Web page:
Divorcee Scott Calvin is disgusted to learn that his ex and her husband have tried - and failed - to break it easy to their 6-year-old son Charlie that Santa isn't real. On Christmas Eve, Scott reads The Night Before Christmas... then receives an unexpected visitor on his roof. When he's startled by Scott's calling out and falls, the Santa impersonator disappears, leaving only an 8-reindeer sleigh and a suit with instructions to put it on if he's involved in an accident. Scott does, and is transported around the town dropping gifts through chimneys until he's taken to the North Pole and informed by a group who claim they're elves that he is now Santa. Charlie is proud of his dad's new job, though Scott's convinced it's a dream. Until his hair turns white, his beard refuses to stay shaved, he gains weight inexplicably, even for his sudden love of junk food... Now he's accepted it, there's just one problem: how to keep it secret from his disbelieving family? Written by
When Laura looks at the Mystery Date game the music we hear is the jingle from the old television commercials for the board game. See more »
During Scott's first visit to the North Pole, when Bernard is explaining the consequences of Scott choosing not to believe in Santa, David Krumholtz's real curly hair is seen peeking out of his cap, behind the fake braids. See more »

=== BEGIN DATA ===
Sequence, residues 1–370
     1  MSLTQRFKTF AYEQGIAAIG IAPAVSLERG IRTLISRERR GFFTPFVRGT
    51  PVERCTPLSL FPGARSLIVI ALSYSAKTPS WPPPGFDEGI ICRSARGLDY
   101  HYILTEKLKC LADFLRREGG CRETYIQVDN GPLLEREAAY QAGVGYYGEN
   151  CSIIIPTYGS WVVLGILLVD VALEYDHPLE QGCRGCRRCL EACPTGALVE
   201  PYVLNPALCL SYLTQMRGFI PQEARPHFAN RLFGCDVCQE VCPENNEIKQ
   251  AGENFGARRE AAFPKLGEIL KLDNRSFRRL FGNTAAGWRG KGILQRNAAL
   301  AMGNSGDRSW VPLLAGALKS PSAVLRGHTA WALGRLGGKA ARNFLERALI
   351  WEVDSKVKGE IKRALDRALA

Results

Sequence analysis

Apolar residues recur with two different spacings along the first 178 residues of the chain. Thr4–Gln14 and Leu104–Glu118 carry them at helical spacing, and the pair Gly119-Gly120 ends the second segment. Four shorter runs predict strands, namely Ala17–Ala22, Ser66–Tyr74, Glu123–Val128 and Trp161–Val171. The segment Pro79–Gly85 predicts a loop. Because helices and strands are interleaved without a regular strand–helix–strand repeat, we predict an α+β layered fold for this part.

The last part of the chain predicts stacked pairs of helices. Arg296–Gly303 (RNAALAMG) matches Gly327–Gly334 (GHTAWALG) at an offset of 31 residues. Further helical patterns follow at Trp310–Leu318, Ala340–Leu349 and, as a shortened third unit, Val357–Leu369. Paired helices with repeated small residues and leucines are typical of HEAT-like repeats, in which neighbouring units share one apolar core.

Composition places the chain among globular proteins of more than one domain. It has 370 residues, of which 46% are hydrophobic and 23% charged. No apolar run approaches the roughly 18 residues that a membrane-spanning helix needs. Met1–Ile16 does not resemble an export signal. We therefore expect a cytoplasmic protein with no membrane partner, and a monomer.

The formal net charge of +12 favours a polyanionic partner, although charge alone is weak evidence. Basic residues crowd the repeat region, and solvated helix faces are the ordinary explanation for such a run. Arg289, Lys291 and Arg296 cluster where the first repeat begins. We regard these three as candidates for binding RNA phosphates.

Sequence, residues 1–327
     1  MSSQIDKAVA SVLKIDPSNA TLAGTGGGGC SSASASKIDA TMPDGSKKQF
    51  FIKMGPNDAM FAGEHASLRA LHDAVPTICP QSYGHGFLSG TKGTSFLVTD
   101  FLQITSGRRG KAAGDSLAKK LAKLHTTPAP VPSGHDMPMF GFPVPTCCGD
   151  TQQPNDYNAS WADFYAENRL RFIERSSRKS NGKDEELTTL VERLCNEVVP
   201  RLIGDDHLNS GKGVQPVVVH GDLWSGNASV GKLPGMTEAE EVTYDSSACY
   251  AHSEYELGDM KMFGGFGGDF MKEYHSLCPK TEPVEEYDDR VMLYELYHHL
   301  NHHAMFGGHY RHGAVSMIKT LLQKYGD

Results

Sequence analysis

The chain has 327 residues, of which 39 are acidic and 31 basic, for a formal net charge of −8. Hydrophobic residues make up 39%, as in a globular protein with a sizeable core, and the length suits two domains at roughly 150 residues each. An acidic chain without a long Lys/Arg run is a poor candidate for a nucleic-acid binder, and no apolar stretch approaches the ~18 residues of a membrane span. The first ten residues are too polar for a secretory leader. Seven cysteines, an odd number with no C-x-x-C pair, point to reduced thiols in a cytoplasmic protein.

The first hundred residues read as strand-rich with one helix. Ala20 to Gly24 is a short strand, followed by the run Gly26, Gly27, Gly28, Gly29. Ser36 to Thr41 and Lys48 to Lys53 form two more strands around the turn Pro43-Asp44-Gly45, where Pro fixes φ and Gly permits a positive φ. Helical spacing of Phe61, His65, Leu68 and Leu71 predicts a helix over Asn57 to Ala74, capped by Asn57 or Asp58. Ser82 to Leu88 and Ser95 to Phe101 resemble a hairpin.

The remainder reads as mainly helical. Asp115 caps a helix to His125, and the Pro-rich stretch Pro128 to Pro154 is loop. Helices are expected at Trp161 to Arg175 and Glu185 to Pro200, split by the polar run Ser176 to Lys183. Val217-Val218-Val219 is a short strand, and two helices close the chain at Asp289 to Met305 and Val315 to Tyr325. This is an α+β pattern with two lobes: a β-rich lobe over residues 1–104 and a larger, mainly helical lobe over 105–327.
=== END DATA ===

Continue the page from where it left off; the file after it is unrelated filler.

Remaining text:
The Santa Clause: In putting on the suit and entering the sleigh, the wearer waives any and all right to any previous identity, real or implied, and fully accepts the duties and responsibilities of Santa Claus, in perpetuity to which some time the wearer becomes unable to do so, by either accident or design.
What does that mean?
It means: If you put on the suit, you're the big guy.
This is ridiculous! I didn't just put on the suit to -...
Try to understand this!
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I remember the first time I saw the trailer for The Santa Clause. It was during the previews for The Lion King. As soon as the camera panned up from the snow globe to reveal Tim Allen, all the people in the theater began to laugh. This is a great, wholesome, funny flick that grown-ups and kidlets both can enjoy. Tim Allen was perfect to play the dad who becomes Santa, and I love when he burned the roast! I also thought the actor who played Bernard the elf was very funny and stole every scene he was in. And I especially enjoyed Judge Reinhold's turn as Neal Miller. I love the scene where he finally gets the hot dog whistle he'd wanted since he was a kid! Great holiday fun!
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